Wet fields in the tri-state area have left farmers with fields damaged by erosion and compaction issues, and it could take years to recover.
The wet fall kept Beresford, South Dakota, farmer Jed Olbertson from planting his usual rye cover crop after harvesting corn silage, and it’s a move he regrets.
The last few years, he’s planted rye after chopping corn as a way to keep soil from being washed and blown away during the winter months and to help choke out weeds. He usually cuts it in early June and puts some up for dry hay before planting soybeans.
Last year, it was wet and muddy during silage cutting. Halfway through, he switched to grinding ear corn. Then he went straight to combining soybeans and never got time to drill a rye cover.
This spring, he found his gently rolling fields covered with a network of gullies a couple inches deep where runoff had carried topsoil away.
“It’s a tremendous amount of dirt,” he said.
The rye would have helped soak up some water and keep most of that soil in place. Cover crops aren’t the answer to every problem, he said, but in this case, rye could have reduced the damage. After snow melted and heavy rains came, the topsoil turned into a slurry like he’d never seen before.
“This is kind of an extraordinary event, but I guess we need to plan for extraordinary events,” he said.
Across the Midwest, a winter of heavy snow and spring flooding has left fields too wet for fieldwork at a time when the first planters are getting ready to roll. Not only will growers be waiting for soil to dry out enough to plant this spring, they’ll also be dealing with compaction issues caused by running harvest equipment through wet fields last fall.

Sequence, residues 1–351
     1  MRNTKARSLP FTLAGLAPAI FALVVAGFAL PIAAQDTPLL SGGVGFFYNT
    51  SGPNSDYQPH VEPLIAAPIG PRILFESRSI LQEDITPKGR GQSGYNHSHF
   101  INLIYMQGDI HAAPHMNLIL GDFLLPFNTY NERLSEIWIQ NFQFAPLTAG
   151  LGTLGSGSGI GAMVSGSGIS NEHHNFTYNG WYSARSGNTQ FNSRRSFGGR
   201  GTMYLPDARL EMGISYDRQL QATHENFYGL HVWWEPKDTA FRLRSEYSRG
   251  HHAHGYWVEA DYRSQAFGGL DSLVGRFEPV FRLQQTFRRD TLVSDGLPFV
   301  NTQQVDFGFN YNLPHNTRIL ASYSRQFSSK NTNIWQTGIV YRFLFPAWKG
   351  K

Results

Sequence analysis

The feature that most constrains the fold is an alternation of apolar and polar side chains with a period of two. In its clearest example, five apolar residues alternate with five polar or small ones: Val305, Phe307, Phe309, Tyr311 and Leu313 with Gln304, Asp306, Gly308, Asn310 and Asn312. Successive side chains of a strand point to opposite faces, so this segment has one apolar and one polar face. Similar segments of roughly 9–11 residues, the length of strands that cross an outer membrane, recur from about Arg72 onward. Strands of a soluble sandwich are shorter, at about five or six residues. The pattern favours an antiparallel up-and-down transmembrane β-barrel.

“A lot of fields were pretty marred up from harvest,” said Tom Schmit, an agronomist with Golden Harvest based in Elkton, South Dakota.
In some areas farmers were unable to apply fall fertilizer or complete fall tillage work – which turned out to be a good thing. Having crop residue in place and keeping from exposing more soil helped minimize erosion and runoff during the wet spring.
“That’s a bit of a blessing in disguise,” Schmitt said.
He urges farmers to be patient this spring and wait for the right field conditions before planting.
Wet soils also provide ripe conditions for bacterial and fungal diseases. While seed treatments to protect against those diseases have become fairly standard for most farmers, Schmit reminds growers to continue using a good seed treatment and check the disease ratings in seed catalogs.
As for dealing with compacted soils, spring tillage will only make the problem worse, he said. He suggests raising a cover crop in the off-season to help repair the soils over the next few seasons.
“This isn’t something that’s going to be fixed overnight,” Schmit said.
When soils are damaged with wheel tracks, it causes compaction anywhere from a few inches to several feet deep, soil specialist Anthony Bly said in a South Dakota State University Extension news release.
“Even shallow ruts of a few inches can cause issues with optimal seed depth during planting if they exceed planting depth,” he said.
There is no easy fix for field ruts left over from last fall, however South Dakota State Uni…
Before repairing ruts, farmers should allow the top 2 to 4 inches of topsoil to dry, said SDSU Extension agronomist Sara Bauder. Bly suggests targeting specific areas with light tillage – using a vertical tillage tool, light disc, soil finisher or harrow – rather than tilling an entire field.
“Deep tillage will disturb the soil at lower depths with excessive moisture and may cause even more compaction damage,” he said.
He said there are benefits to moving to no-till management. No-till farmers in southeastern South Dakota were able to get into their fields earlier and had minimal issues with field ruts, he said. Tillage leads to worse compaction issues because tillage disrupts soil aggregates and good soil structure.
“Moving in the direction of no-till can help producers build soil structure, giving soils a stronger shear strength,” Bauder said.